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Penn Effect (wikipedia.org)
68 points by hhs 46 days ago | hide | past | web | favorite | 31 comments



This is why I have a big problem with metric called "productivity".

Same service done in New York by the same worker is worth X times more than in a small town. Hence people who move their shop suddenly become 10 times more productive, even if they're doing the same thing exactly as efficiently as before.

Then people look at the graphs and say "no wonder these poor places are undeveloped - look how low their productivity is".

It should just be called labor cost and not productivity.


Huh, I didn't know productivity was a measure of monetary production. I always thought it was a catch all, for any and all alternative measures.


It's defined as GDP/man-hours worked in the country in a year.


You can see this on a micro scale in Basel, CH. Buying bread in different countries, just a short walk / bike ride with unenforced boundaries and there are real price differences. For luxury goods it can be even more extreme with Sushi on the french side of the border being affordable, and on the Swiss side... less so.

You would think that the effect of the German and French markets would create a local dip in prices in Basel, but it doesn’t seem to be true.


What's true though is that Swiss people from the Basel region do regularly cross the border to make their shopping trips - including groceries.


> The law of one price says that the same item cannot sustain two different sale prices in the same market (since everyone would buy only at the lower price).

This is currently a problem with digital goods. How can you sell something, like an indie video game, for $1 in India and $10 is the US, and prevent Americans from buying the Indian version? There are online marketplaces that allow people to buy and sell "game keys" for cheap. People in cheap markets can sell local keys for games, at a small markup, to people in expensive markets.


I suppose one solution (for sellers) is to localize the games and their translations and bake those into the game keys. Once one purchases a game in Russian, you can't play it in English.

This excludes pricing disparity between (en-US, en-CA, en-GB), (es, es-US, ...) and the like cohorts, but that may not matter too much.


This approach bites very painfully here in Ukraine, when some suppliers think (for some perverted reasons outside of this discussion) that it's OK to only sell a Russian version in Ukraine. Ukrainian-speaking population would often prefer an English version (for the lack of a Ukrainian one), but there is no sane way to buy it.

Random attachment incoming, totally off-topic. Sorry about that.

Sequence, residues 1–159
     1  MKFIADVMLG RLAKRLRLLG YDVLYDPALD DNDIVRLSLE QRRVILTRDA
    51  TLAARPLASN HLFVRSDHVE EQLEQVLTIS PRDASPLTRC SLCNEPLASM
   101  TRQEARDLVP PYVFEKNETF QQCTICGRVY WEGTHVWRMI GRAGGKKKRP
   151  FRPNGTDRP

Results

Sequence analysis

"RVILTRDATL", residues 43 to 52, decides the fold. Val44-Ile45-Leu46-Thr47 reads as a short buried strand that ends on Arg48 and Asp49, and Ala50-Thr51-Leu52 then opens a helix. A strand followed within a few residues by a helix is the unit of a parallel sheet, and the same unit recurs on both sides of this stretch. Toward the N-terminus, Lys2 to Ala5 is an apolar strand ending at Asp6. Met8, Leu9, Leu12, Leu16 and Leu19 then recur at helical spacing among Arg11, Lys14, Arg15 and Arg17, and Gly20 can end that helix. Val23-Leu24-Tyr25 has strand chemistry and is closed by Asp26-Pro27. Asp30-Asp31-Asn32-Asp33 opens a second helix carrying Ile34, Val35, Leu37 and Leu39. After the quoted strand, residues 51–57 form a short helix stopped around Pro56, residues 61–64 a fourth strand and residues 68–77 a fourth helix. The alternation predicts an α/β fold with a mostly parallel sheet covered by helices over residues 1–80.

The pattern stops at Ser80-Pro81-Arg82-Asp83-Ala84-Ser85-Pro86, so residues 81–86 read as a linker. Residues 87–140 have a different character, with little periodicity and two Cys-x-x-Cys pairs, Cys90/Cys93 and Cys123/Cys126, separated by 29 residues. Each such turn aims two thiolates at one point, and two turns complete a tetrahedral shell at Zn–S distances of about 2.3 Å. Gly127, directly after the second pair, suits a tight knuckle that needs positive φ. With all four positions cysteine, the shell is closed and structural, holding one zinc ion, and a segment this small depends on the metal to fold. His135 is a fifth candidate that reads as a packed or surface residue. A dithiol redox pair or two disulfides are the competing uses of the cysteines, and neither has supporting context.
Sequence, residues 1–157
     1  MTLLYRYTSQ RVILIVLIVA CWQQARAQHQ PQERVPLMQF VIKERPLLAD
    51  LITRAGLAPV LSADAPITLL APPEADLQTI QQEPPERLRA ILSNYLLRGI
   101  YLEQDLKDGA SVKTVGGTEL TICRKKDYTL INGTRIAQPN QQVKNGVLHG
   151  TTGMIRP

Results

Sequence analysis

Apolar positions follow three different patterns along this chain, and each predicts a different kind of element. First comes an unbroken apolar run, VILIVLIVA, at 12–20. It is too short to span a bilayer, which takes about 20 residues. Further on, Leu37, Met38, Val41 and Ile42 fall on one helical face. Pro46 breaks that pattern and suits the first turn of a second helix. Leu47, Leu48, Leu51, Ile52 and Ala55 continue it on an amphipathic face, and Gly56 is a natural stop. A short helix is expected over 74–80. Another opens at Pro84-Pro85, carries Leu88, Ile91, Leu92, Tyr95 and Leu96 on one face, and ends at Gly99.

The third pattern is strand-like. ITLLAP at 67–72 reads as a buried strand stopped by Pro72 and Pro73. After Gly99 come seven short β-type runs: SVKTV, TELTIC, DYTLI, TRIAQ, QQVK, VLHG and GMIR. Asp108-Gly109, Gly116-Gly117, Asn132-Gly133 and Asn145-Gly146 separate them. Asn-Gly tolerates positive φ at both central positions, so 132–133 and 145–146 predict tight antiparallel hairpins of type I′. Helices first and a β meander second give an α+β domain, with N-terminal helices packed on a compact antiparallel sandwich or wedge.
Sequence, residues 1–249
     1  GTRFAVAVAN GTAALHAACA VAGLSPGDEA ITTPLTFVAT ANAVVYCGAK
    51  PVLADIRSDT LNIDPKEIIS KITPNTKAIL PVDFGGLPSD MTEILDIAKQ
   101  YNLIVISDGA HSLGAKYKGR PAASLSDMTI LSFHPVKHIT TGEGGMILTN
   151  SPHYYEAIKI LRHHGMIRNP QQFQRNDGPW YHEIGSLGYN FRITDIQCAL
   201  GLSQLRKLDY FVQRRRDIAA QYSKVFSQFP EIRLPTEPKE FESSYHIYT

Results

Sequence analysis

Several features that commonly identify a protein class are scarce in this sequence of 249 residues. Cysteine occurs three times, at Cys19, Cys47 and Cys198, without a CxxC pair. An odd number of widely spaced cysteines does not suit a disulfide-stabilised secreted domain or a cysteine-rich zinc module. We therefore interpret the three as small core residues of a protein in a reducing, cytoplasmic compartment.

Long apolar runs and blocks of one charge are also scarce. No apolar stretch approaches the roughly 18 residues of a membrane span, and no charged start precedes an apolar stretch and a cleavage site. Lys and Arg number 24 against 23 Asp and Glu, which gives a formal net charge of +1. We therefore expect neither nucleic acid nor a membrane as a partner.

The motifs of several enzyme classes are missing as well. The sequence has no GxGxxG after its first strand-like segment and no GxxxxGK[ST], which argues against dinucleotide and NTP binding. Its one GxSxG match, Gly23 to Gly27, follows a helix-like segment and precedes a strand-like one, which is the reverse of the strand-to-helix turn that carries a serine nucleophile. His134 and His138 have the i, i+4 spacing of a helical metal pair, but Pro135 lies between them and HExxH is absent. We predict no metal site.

That would mean those of us who play games in multiple languages as a means of language study would need to buy each game multiple times.


Any means of price discrimination is likely to have some user-hostile effects along the edges. It is, in essence, DRM and if an authorized user interacts with it at all, it won't be pleasant.

Or, in other words, any strategy of region-locking (even an unsophisticated one like unbundling languages) is going to stymie some legitimate use cases.


> play games in multiple languages as a means of language study

I've been studying all night, mom!

Seriously, those who read books in multiple languages as means of language study need to buy each book multiple times and nobody used to find that surprising...


Or you just choose one? If you're at the level where reading a book can help you learn more or practice, I wouldn't have thought you'd much want a second copy in your native tongue.


Is an exercise common enough for bilingual editions to exist (intended to help learning a language, not to better understand that particular book).


you could let the higher price versions include the lower ones. so if you buy an english edition you get russian and chinese for free included, but you don't get finnish or german, whereas if you buy the german one you get english and all the languages that english already includes.


> How can you sell something, like an indie video game, for $1 in India and $10 is the US, and prevent Americans from buying the Indian version?

Some online stores just use the Credit Card billing address.


This practice may not end well.

> There have been a lot of very angry Adobe software users in Australia this week as it was discovered retail versions of Creative Suite would carry a massive premium (up to $1,800) over what Adobe charges US users.

> So massive is the difference in fact, it’s been stated you could actually fly from Australia to the US, buy Creative Suite, fly back, and still save money.